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C150 down at Tatenhill

Old 3rd Nov 2020, 19:28
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C150 down at Tatenhill

C150 down about 200m short of RWY26 at Tatenhill. Engine stopped on the D/W leg. Word on the street is fuel, or lack of it! All OK.



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Old 3rd Nov 2020, 20:09
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Was it rather a large circuit? Because an engine failure on the downwind leg would normally allow a smart U turn and land about opposite the point where the noise stopped.
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Old 3rd Nov 2020, 20:22
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Having a logo like that on your tail is temping fate ...


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Old 3rd Nov 2020, 20:41
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It would not be a fuel issue unless there had been a massive leak or a fuel blockage. More likely a stall, or some other mis-handling error. Glad they got out ok.
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Old 3rd Nov 2020, 20:47
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Flaps look retracted.
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Old 3rd Nov 2020, 21:05
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C150 down at Tatenhall

Now this one is real hard to figure considering the C150 is the most foregiving A/C I ever flew.
be interesting to find out what really happened.
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Old 3rd Nov 2020, 22:03
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Originally Posted by Piper.Classique View Post
Was it rather a large circuit? Because an engine failure on the downwind leg would normally allow a smart U turn and land about opposite the point where the noise stopped.
Probably one of those square circuits where the aircraft rolls out halfway round the upwind turn, gets further displaced from the airfield, then continues onto the downwind leg! 🤔
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Old 4th Nov 2020, 03:14
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Hmmm, that area looks like the kind of place I would choose for a forced landing for which I expected a satisfactory outcome...
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Old 4th Nov 2020, 04:12
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Carb ice ? Mixture pulled out by mistake ?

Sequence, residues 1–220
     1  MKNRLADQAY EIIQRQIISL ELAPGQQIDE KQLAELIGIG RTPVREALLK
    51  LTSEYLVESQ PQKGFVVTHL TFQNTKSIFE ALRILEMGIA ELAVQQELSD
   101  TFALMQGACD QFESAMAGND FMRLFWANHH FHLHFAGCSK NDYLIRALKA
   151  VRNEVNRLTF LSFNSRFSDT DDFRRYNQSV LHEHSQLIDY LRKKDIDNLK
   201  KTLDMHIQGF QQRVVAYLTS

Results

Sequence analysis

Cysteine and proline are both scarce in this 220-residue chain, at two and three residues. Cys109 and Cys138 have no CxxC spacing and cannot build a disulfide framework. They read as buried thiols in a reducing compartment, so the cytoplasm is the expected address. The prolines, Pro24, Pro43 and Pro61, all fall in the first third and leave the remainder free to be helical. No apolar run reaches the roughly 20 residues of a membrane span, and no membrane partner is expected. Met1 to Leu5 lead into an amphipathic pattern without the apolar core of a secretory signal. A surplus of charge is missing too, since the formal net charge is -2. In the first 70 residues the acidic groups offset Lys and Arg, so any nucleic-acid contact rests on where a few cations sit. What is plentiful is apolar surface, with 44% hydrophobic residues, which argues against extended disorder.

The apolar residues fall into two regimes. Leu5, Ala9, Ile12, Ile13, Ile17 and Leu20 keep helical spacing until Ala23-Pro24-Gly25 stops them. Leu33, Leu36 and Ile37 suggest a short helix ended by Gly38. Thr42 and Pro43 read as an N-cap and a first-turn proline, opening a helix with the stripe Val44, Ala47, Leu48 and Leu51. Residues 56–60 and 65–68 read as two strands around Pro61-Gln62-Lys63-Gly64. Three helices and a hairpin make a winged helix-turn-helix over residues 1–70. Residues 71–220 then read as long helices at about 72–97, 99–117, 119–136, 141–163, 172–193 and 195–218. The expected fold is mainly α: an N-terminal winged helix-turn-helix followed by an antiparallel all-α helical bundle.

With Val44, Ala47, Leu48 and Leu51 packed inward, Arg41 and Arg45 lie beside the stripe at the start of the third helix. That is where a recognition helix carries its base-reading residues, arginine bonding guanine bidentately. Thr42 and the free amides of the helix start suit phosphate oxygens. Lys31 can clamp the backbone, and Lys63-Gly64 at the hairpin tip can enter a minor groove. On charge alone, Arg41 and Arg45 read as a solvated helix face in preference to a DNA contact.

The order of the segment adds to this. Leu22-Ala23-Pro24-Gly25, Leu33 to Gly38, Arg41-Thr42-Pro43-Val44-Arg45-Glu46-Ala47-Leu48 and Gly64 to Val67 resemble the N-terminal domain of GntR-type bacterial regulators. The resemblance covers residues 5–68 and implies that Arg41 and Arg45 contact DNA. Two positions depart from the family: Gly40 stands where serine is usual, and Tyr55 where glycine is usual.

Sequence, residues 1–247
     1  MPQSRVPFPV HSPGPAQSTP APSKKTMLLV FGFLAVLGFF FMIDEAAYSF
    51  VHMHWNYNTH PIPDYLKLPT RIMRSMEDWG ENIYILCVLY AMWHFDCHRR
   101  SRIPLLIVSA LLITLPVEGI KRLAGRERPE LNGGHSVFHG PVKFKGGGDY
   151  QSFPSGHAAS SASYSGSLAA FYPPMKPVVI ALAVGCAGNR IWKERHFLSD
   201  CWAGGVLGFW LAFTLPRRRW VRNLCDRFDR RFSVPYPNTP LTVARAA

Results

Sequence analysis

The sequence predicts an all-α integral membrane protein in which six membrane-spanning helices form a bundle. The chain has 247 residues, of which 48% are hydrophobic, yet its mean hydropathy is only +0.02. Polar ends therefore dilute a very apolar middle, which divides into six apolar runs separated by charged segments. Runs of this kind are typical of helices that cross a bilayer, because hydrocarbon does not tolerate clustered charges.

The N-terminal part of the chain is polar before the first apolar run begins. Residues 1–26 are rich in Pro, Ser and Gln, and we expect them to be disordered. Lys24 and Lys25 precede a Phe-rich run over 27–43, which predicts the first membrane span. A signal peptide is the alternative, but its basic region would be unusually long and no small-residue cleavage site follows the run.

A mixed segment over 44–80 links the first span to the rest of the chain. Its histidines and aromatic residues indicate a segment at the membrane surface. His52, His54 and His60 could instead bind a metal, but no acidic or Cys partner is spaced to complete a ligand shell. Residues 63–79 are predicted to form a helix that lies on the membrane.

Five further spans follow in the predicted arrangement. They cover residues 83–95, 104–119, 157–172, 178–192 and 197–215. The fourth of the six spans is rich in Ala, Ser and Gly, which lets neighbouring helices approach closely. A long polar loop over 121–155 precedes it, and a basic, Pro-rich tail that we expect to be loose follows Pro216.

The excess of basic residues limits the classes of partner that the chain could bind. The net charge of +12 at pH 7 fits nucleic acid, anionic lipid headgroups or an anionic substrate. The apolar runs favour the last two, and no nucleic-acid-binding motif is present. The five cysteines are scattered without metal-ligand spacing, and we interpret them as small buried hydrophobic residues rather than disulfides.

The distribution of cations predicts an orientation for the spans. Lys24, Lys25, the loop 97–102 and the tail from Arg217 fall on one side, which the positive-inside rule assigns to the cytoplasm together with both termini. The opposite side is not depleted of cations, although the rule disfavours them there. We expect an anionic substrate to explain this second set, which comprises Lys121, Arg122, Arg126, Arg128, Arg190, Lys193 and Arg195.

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Old 4th Nov 2020, 06:21
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Soft field landing would have been prudent.
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Old 4th Nov 2020, 07:37
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The previous two comments seem to point to the cause and the consequence.
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Old 4th Nov 2020, 08:02
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The aircraft and location do seem to be fated....

https://www.gov.uk/aaib-reports/cess...-november-2009
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Old 4th Nov 2020, 09:36
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Engine running or not, I would always try to land on the main wheels. At least the tyres are clean.
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Old 4th Nov 2020, 12:36
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I know nothing of this accident, other than the photo, and reading some comments, but I have seen a few just like this in real life (one fatal). I opine that if forced landings were actually practiced to touchdown, there would be fewer accidents following a loss of power for any reason. 100 series Cessnas can be kissed onto the surface power off from altitude, with a little practice. If the ground is very soft, yes, a noseover is a risk. The ground in the photo does not look that soft, though I concede, that the ground at the touchdown point is not in the photo, and perhaps was not as welcoming.